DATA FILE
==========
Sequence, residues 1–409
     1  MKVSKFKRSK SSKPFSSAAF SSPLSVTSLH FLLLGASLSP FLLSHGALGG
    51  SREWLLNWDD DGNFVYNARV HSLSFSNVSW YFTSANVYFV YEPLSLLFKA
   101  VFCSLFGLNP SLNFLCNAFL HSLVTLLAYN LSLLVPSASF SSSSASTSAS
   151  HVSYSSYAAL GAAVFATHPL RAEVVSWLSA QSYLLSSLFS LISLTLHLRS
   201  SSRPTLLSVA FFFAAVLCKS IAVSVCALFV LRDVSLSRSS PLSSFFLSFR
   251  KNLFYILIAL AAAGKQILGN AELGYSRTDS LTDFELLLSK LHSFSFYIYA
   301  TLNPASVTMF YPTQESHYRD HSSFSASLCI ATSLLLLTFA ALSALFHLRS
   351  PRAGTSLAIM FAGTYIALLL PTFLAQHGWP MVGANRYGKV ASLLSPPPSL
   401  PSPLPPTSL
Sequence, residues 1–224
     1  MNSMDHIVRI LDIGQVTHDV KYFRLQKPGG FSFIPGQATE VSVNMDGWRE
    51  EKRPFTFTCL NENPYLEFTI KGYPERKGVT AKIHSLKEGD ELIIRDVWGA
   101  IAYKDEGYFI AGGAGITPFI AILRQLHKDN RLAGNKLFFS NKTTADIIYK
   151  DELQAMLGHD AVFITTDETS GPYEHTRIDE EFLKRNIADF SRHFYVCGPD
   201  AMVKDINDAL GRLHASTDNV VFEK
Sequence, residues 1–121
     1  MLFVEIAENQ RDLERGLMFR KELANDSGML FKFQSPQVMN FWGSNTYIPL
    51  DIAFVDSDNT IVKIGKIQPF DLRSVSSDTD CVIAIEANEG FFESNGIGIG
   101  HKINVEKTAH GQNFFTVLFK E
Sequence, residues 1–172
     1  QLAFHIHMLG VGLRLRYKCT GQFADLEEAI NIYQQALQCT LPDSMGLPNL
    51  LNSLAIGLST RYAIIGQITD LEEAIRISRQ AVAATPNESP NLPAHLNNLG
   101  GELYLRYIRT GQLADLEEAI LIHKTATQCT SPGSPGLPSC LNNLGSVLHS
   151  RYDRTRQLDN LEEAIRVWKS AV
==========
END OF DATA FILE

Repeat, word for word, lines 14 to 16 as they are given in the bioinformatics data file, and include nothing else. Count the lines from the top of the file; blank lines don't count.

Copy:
   101  IAYKDEGYFI AGGAGITPFI AILRQLHKDN RLAGNKLFFS NKTTADIIYK
   151  DELQAMLGHD AVFITTDETS GPYEHTRIDE EFLKRNIADF SRHFYVCGPD
   201  AMVKDINDAL GRLHASTDNV VFEK